What if Jesus’ transfiguration is not just a symbol of divinity, but of humanity fulfilled?
Is there something inherently different about groups that meet online vs. those that gather in person? Does everyone have to be in the same place at the same time, or can engaging with and discussing content asynchronously create its own kind of community?
What happens when whole communities organize around Jesus’ prophetic call for justice and liberation rather than consumeristic comfort and institutional preservation?
This week at New Wineskins, we’ll continue our celebration of (r)Advent by exploring the theme of Joy, where we find it, and how we can share it through acts of justice and liberation.
What does hope look like in the context of liberationist communities? For one thing, it means examining our roles in combatting climate change and lifting up its effects on marginalized communities.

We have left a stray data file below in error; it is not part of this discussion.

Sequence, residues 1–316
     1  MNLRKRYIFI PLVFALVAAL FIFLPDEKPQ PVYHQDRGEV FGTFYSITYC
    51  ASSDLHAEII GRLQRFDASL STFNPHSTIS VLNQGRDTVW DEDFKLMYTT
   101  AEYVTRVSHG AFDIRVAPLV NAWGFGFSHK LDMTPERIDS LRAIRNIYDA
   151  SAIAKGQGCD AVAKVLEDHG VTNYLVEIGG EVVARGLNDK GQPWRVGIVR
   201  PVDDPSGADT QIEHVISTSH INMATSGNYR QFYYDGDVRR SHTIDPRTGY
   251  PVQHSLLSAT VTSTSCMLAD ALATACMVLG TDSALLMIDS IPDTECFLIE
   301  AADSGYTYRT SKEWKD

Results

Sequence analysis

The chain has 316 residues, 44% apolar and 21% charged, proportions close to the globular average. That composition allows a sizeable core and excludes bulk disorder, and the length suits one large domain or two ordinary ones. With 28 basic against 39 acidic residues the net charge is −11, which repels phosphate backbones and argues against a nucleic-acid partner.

“Fear is asking Love, ‘Can I trust you?’ […] Because of the work the Church isn’t doing to reverberate Love in the world, Love’s answer (is) not heard….” (Marlon Hall)
We know our experience as human beings is limited by time and space. But even that knowing is limited. For instance, science tells us that many animals have better senses of sight, hearing, and smell than we do. So what does that tell us about what we are even able to know? What if reality includes potentialities we simply can’t perceive?
What if contradictions, doubt, and uncertainty have a purpose? What if the real key to knowing comes in the unknowing?
What is “salvation” and can it ever really be personal?
What if we could see the sacraments not just as rites we participate in as individuals for our own private spiritual experiences, but as subversive acts that emancipate whole communities and liberate those who exist on the margins of public policy and institutions?